Programming and Computational Logic
A Motivational Introduction
Computational Logic
figure=/home/logalg/public_html/slides/Figs/fig1_english.eps,width=0.6
 Conventional models of using computers  not easy to determine
correctness!
 Has become a very important issue, not just in safetycritical
apps.
 Components with assured quality, being able to give a warranty, ...
 Being able to run untrusted code, certificate carrying code, ...
``Compute the squares of the natural numbers which are less or equal than 5.''
 Ideal at first sight, but:
 verbose
 vague
 ambiguous
 needs context (assumed information)
 ...
 Philosophers and Mathematicians already pointed this out a long time
ago...
 A means of clarifying / formalizing the human thought process
 Logic for example tells us that (classical logic)
Aristotle likes cookies, and
Plato is a friend of anyone who likes cookies
imply that
Plato is a friend of Aristotle
 Symbolic logic:
A shorthand for classical logic  plus many
useful results:
 But, can logic be used:
 To represent the problem (specifications)?
 Even perhaps to solve the problem?
 For expressing specifications and reasoning about the
correctness of programs we need:
 Specification languages (assertions), modeling, ...
 Program semantics (models, axiomatic, fixpoint, ...).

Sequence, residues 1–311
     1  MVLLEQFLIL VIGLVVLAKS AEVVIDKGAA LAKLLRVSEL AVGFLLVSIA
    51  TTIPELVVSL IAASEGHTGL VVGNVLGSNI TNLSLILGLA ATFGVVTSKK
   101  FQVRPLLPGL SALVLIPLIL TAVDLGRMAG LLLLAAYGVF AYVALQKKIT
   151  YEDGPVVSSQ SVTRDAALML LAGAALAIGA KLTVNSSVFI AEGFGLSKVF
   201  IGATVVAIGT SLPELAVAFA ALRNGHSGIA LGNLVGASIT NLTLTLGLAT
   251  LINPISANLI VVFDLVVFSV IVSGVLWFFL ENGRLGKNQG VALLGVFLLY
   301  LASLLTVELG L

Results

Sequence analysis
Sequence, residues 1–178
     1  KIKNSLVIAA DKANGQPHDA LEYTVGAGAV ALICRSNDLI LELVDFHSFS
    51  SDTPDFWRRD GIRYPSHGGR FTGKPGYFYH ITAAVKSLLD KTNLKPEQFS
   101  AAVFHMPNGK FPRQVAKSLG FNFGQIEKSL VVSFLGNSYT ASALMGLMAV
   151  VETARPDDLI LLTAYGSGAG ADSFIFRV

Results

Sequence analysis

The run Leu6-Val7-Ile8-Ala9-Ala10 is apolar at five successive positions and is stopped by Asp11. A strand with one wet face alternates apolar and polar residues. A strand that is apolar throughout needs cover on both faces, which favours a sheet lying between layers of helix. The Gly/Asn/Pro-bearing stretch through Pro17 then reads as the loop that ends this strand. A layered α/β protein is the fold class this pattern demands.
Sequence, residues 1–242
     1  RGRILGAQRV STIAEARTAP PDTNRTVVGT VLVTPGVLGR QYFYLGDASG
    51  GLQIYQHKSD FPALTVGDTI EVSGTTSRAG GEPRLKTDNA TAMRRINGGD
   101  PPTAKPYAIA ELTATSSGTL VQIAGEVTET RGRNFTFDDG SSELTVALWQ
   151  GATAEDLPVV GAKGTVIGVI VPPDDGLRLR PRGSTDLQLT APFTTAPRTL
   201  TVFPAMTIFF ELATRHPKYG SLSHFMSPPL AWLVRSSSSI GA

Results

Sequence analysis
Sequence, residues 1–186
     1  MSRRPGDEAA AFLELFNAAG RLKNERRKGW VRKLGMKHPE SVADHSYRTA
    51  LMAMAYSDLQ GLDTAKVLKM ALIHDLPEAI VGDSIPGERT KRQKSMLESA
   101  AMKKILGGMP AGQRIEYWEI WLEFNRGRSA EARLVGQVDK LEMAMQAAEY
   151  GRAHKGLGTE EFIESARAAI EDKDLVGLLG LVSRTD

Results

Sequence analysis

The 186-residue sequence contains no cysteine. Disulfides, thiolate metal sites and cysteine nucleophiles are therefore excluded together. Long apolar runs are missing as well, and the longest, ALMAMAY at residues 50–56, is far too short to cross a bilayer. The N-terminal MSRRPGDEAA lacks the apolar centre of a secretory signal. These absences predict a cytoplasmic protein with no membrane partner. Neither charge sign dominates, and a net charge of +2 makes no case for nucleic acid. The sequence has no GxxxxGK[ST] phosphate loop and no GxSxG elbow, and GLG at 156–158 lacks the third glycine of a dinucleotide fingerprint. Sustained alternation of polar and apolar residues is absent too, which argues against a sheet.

Proofs: program verification (and debugging,
equivalence, ...).
Numbers we will use ``Peano'' representation for simplicity:
0 0 1 s(0)
2 s(s(0)) 3 s(s(s(0)))
...
 Defining the natural numbers:
 A better solution:
 Order on the naturals:
 Addition of naturals:
We can now write a specification of the (imperative) program,
i.e., conditions that we want the program to meet:
 Precondition:
empty.
 Postcondition:
 For expressing specifications and reasoning about the
correctness of programs we need:
 Specification languages (assertions), modeling, ...
 Program semantics (models, axiomatic, fixpoint, ...).
 Proofs: program verification (and debugging,
equivalence, ...).
 Semantics:
 A semantics associates a meaning (a mathematical object)
to a program or program sentence.